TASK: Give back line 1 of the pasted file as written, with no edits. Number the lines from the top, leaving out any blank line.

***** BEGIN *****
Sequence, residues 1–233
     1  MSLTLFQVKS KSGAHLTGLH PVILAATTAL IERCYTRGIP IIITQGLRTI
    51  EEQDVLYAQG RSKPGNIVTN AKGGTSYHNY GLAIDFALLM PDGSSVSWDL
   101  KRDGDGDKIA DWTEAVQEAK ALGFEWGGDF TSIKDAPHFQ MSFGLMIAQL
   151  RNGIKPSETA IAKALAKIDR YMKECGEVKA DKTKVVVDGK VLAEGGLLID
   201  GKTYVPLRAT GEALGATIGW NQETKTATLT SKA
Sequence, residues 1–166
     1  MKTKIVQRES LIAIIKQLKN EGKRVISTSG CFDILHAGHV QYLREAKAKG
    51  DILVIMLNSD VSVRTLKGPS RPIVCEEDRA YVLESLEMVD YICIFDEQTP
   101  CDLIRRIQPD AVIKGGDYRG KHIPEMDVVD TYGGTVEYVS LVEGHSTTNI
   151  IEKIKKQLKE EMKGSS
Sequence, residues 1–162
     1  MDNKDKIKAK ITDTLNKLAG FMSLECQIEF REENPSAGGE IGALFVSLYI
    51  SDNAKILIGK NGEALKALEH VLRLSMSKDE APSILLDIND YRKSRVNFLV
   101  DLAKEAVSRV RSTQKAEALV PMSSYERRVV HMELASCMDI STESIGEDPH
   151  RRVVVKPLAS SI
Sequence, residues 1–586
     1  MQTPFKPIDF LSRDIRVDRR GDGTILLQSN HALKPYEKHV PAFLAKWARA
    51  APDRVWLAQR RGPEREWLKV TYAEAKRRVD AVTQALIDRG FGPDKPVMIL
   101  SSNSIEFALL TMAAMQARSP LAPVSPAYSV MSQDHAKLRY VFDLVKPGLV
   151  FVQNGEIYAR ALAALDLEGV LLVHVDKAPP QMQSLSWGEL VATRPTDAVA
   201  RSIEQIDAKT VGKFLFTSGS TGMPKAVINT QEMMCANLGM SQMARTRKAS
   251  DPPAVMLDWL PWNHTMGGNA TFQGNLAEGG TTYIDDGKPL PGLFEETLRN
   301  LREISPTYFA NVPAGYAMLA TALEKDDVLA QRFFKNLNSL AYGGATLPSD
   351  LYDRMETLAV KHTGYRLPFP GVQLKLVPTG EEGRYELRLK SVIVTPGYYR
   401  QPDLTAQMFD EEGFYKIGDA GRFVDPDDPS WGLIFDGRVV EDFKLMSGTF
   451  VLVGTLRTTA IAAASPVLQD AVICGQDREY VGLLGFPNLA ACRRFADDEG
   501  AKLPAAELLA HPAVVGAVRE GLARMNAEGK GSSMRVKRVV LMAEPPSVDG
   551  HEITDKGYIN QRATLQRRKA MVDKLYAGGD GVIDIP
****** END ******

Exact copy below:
Sequence, residues 1–233